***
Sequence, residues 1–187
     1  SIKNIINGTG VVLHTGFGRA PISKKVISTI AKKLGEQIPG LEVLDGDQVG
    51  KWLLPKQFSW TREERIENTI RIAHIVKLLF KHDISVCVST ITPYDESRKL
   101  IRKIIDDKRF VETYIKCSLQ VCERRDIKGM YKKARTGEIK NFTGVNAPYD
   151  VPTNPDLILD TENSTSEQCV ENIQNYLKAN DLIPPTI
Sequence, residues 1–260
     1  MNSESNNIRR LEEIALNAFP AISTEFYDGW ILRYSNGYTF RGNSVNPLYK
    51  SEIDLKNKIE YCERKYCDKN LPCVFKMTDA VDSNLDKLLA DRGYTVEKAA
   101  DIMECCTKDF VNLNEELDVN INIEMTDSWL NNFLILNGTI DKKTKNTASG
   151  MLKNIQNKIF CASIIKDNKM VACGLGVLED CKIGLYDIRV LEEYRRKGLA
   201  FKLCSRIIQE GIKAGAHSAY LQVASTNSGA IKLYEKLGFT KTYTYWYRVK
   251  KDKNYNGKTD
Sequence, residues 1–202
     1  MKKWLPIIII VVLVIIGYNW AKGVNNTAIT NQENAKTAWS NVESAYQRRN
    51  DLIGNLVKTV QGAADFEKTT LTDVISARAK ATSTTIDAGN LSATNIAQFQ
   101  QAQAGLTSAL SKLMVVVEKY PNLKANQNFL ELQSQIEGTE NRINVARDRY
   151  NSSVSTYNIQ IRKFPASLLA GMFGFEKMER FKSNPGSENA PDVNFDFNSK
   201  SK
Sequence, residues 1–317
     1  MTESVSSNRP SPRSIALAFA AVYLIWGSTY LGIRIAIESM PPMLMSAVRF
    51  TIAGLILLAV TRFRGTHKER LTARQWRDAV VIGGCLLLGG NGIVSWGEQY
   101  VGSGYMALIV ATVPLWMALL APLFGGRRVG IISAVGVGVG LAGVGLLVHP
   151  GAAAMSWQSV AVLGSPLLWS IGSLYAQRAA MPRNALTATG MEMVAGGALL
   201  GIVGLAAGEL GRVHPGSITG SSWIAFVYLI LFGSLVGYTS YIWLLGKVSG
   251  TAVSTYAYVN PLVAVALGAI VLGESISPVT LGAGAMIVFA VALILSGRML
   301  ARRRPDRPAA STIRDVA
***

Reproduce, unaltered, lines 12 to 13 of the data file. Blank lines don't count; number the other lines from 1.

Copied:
   251  KDKNYNGKTD
Sequence, residues 1–202